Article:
Home Sweet Home


For Mother’s Day I received Toni Morrison’s newest novel, Home.  As a huge Toni fan, I look forward to reading the text and enjoying the characters as I always do, but what struck me the most about her newest book is the simple title, Home.  In that short four lettered word, so many meanings and experiences come to my mind.  Home has come to mean many things to me over the years.  Literally, I can count up the dozens of addresses and phone numbers I’ve changed and re-changed, area codes and postal codes, boxes and bags.  You see, I’m a mover.  I’ve been a mover since I was young.  My parents come from migrant people, and I think there is something about my ancestors being from, as we say in Spanish, ni de aquí ni de allá (neither here nor there). My mother’s family hails from the Tex-Mex borderlands, and they are migrant farm workers who have settled in the Rio Grande Valley.  My dad’s biological mother, though he was adopted from a family in Richmond, was part of the great migration of African Americans to the Northeast in the 1940s, and she has called Hartford, Connecticut her home for many decades.  While my parents met, married, child reared, and divorced in Richmond, Virginia, my soul has always felt I was from some other place.

Home from a practical sense was in constant flux from my perspective.  I grew up knowing home existed with my mom, dad, sisters, and then with grandparents, uncles, aunts, and cousins (which is common for Latino families). There were several times in my childhood that I vividly recall moving in the middle of the night and making home with my grandparents or aunts for several months because of my parent’s troubled marriage.  One time we lived for three years in an apartment on the other side of town from my father, and then moved back to the house.  Each time we came and went leaving behind my faded childhood memories of Baxter Road.  I felt less and less connected to the notion of home and created new memories by the time I was coming of age on Hampstead Avenue in a low-income apartment community.  By the time I was ready to apply to colleges, I wanted to leave home because I felt no connection to home or to Richmond.  I was a repressed and depressed teen in lots of angst and sought refuge outside of my home.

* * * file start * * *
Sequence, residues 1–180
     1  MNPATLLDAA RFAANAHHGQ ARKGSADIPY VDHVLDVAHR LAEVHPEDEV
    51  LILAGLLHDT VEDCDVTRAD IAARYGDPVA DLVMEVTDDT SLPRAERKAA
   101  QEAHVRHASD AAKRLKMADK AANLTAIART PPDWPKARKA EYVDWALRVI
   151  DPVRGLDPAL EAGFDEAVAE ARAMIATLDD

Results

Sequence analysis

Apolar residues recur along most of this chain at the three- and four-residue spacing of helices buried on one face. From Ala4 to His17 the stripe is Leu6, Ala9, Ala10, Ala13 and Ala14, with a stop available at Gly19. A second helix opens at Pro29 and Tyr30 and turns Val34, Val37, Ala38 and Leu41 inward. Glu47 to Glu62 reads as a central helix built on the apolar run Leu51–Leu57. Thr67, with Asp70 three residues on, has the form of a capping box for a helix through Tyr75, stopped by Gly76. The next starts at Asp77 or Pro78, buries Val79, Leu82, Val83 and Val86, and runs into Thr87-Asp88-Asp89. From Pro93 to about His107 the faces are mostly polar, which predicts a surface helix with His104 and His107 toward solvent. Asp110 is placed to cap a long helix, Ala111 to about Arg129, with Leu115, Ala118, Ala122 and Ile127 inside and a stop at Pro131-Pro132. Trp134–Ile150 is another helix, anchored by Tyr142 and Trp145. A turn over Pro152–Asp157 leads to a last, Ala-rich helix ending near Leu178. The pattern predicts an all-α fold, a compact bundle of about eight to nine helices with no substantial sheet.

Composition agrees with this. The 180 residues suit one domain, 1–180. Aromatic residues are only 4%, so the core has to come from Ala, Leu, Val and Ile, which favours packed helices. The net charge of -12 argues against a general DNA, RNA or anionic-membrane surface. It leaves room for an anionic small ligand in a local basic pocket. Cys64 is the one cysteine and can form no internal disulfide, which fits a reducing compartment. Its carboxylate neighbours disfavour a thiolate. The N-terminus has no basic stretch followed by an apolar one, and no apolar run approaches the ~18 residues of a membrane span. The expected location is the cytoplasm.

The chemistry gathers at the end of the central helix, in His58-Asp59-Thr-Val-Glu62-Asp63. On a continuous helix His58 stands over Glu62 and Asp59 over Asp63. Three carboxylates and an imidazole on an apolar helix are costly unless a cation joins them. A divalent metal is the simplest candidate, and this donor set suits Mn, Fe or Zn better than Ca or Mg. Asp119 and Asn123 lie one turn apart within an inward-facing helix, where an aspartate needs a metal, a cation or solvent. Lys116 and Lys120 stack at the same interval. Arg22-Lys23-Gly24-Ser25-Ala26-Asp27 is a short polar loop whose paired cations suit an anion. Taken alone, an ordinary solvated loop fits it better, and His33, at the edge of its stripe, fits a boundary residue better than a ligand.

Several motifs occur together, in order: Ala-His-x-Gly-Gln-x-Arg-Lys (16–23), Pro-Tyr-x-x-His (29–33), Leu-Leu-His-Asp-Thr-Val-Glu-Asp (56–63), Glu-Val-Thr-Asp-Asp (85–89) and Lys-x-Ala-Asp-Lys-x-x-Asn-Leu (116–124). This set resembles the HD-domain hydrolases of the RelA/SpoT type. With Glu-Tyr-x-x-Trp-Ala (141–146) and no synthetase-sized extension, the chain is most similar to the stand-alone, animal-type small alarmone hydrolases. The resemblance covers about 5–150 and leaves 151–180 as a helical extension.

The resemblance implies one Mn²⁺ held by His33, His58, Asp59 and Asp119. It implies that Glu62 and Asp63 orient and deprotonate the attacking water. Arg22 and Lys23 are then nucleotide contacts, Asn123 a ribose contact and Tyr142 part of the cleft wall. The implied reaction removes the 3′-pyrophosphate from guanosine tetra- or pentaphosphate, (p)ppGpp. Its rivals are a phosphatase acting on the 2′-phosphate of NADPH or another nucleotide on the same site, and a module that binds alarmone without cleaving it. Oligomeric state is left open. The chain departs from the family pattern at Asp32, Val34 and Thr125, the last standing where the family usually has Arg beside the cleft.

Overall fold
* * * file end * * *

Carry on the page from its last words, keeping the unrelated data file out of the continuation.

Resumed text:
College made me feel safe, and I found security in my dorm and new life in college.  But it was only temporary and often felt ashamed to tell anyone freshman year that going home meant going to a small 2 bedroom apartment that was shared by my mother and grandparents, an uncle and his friend, my 5 year old cousin, a noisy dog, and a parrot.  My sisters, mother, and I---four grown women---shared a 10 x 10 room, a full size mattress, pallets on the floor with blankets and towels as another bed, and clothes neatly folded and piled in boxes along the wall.  Our lives were all squeezed into one tiny room, waiting presumably for a home.  I remember feeling angry and thinking, this is what I am coming home to?  I selfishly did not want to come home anymore and found ways to stay on campus during breaks.  I now realize that I desperately needed space, but foolishly thought I needed to make college my home.